origin of ‘Mayday’ (international radio distress signal)

 

frederick-stanley-mockfords-grave-at-selmeston-wealden-district-east-sussex-england

Frederick Stanley Mockford’s gravestone at Selmeston, East Sussex, England – photograph: Geoffrey Gillon/Find A Grave

 

 

The word Mayday, which dates from 1923, is used as an international radio distress signal, especially by ships and aircraft. It was supposedly coined by Frederick Stanley Mockford (1897-1962), a senior radio officer at London’s Croydon Airport, but this has not been substantiated: the fact that this story has often been repeated gives it a semblance of truth but does not authenticate it.

On Friday 2nd February 1923, several English newspapers announced the use of this new signal (but none of them mentioned Mockford); for example, the Gloucestershire Echo (Cheltenham, Gloucestershire):

“MAY-DAY” FOR S.O.S.
A NEW INTERNATIONAL DISTRESS SIGNAL.

“S.O.S.” is the international distress signal for telegraphic purposes. In a telephone, however, the sound “S” is very difficult to hear, even under the best conditions, and as all aeroplane traffic is dealt with by wireless telephone, a new international distress signal has been found necessary. For the time being “May-day” has been selected. To English ears such a combination may sound strange, but when it is explained that the words are the phonetic equivalent of “M’Aidez,” the French for “Help me,” the meaning becomes clear.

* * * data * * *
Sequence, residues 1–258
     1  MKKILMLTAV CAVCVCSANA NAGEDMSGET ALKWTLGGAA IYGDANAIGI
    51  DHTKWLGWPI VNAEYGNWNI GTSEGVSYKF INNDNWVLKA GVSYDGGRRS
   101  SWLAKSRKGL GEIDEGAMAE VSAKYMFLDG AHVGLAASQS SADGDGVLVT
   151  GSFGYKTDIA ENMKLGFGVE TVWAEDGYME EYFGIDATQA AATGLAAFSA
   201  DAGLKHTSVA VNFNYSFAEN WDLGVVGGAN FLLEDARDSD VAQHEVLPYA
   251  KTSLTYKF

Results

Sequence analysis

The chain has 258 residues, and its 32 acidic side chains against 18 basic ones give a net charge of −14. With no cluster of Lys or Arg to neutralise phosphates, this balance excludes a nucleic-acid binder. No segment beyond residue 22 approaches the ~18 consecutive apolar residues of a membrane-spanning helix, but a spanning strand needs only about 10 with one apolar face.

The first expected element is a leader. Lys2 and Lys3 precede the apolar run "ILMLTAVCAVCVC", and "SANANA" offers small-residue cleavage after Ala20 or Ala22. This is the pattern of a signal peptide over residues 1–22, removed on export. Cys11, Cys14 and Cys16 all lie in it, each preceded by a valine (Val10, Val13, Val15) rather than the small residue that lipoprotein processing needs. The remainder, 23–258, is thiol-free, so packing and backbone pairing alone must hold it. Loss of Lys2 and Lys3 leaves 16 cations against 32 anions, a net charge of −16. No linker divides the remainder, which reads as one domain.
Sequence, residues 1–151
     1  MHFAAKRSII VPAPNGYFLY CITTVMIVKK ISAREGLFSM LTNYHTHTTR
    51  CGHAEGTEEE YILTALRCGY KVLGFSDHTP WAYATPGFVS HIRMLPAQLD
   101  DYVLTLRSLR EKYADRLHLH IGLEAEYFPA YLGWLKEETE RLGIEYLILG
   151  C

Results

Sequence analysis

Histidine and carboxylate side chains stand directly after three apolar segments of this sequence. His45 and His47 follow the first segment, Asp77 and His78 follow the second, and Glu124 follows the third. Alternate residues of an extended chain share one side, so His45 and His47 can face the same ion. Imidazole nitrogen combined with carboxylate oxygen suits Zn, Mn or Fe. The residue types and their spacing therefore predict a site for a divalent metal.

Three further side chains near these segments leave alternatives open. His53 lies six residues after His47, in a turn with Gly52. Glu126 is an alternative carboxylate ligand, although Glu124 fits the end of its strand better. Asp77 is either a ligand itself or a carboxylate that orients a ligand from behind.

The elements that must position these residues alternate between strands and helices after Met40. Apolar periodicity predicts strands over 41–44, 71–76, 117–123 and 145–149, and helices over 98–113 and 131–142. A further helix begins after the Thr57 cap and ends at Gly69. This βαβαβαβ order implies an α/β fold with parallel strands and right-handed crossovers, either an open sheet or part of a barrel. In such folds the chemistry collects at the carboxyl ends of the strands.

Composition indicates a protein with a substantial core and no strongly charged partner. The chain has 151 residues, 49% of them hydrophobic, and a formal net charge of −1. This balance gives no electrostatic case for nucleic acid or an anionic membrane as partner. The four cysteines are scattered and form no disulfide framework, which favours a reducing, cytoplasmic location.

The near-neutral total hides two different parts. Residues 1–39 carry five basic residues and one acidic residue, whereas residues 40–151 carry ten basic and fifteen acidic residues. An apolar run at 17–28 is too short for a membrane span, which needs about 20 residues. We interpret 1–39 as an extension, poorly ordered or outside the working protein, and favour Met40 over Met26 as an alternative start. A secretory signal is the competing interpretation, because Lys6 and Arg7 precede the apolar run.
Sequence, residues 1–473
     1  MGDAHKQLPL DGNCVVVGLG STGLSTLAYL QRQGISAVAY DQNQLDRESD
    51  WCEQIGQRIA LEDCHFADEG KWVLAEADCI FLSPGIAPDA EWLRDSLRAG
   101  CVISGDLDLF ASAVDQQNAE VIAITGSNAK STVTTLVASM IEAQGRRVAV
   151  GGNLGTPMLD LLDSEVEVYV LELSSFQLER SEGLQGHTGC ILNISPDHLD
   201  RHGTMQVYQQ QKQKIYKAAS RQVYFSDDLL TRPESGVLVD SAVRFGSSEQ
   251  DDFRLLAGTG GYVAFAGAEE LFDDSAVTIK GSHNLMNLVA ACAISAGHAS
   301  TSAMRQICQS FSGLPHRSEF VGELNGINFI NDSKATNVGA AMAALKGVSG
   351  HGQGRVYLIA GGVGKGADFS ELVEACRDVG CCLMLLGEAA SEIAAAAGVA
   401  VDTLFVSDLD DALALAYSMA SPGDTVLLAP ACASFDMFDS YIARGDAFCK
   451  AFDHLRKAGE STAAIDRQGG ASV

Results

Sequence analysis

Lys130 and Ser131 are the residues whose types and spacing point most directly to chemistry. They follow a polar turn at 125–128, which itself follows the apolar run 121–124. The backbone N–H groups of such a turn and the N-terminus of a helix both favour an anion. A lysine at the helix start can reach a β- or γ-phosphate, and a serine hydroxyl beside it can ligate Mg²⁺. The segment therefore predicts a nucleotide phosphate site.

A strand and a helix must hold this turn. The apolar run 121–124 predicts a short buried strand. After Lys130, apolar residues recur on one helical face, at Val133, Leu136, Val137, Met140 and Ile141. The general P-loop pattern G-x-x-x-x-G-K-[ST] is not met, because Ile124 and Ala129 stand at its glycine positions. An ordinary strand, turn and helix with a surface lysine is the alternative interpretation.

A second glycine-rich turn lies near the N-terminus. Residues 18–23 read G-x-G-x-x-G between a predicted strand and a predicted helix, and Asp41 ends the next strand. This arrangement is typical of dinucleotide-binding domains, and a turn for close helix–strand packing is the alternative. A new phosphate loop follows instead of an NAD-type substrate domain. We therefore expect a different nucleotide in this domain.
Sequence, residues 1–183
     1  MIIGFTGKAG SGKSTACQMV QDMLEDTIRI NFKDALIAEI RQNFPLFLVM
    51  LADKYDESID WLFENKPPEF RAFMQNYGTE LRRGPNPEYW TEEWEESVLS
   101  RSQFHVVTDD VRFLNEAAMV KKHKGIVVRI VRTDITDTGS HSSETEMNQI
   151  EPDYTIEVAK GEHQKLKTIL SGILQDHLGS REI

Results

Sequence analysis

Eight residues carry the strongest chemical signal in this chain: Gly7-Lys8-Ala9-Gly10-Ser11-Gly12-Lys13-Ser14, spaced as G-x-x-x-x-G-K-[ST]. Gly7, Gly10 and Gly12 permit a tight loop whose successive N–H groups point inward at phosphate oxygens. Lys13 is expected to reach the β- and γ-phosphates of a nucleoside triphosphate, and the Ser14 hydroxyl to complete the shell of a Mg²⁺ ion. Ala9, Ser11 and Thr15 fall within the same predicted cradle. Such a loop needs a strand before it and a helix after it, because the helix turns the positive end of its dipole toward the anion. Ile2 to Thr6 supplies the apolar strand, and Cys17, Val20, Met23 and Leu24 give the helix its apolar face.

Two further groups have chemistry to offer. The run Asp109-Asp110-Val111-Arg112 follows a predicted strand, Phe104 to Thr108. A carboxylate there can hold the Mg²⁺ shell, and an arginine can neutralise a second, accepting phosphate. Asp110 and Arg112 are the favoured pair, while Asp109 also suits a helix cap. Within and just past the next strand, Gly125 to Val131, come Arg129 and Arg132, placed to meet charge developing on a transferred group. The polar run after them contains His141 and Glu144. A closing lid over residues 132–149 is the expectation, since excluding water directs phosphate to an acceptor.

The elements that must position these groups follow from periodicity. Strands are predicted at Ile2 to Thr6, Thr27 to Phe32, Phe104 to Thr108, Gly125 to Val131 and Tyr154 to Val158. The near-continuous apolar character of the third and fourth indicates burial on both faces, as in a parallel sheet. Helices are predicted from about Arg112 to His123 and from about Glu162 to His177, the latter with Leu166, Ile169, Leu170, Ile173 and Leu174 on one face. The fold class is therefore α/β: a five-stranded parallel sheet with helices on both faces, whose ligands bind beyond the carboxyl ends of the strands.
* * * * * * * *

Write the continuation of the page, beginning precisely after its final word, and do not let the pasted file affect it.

However, the explanation given in this newspaper is grammatically incorrect because:
– French m’aidez can only occur with the second-person personal pronoun vous, in vous m’aidez (you help me) and m’aidez-vous? (do you help me?)
– the French imperative corresponding to the English imperative help me is aidez-moi.

For these reasons, the word Mayday is more probably from French venez m’aidercome and help me.

On the same day, Friday 2nd February 1923, the Dover Express & East Kent News (Dover, Kent) added the following story:

During a recent test a R.A.F. flying-boat, descending in the Channel, gave the international distress signal three times by wireless telephony and reported that her engines had failed. The message was picked up at Croydon and Lympne. The Civil Aviation Traffic Officer at Lympne telephoned to the Harbour Master at Dover, and within twenty minutes of the distress call a tug from Dover was alongside to give assistance, having steamed about three miles. No special warning had been given to Dover to be ready.

Leave a Reply

This site uses Akismet to reduce spam. Learn how your comment data is processed.